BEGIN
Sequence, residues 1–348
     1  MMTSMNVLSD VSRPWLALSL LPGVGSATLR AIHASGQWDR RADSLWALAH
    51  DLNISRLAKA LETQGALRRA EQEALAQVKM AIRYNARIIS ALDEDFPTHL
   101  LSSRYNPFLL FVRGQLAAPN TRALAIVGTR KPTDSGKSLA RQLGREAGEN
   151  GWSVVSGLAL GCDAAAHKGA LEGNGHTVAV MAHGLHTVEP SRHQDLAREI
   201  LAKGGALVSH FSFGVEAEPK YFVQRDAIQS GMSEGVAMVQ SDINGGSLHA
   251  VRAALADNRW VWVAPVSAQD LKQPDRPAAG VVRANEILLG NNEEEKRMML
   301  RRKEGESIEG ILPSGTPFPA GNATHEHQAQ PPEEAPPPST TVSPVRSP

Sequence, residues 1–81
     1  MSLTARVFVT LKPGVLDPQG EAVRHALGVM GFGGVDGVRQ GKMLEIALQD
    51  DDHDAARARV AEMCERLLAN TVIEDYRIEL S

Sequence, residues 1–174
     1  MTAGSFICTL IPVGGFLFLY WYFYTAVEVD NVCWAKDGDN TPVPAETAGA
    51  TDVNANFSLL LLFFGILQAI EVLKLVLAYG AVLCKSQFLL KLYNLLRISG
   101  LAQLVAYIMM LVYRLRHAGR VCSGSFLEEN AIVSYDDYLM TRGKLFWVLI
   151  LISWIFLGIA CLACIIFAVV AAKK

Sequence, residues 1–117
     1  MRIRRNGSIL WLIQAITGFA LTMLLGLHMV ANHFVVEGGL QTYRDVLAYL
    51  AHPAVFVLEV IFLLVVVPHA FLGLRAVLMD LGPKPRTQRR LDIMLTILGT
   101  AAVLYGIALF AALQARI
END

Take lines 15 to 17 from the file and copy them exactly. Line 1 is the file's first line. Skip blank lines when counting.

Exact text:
   101  LAQLVAYIMM LVYRLRHAGR VCSGSFLEEN AIVSYDDYLM TRGKLFWVLI
   151  LISWIFLGIA CLACIIFAVV AAKK

Sequence, residues 1–117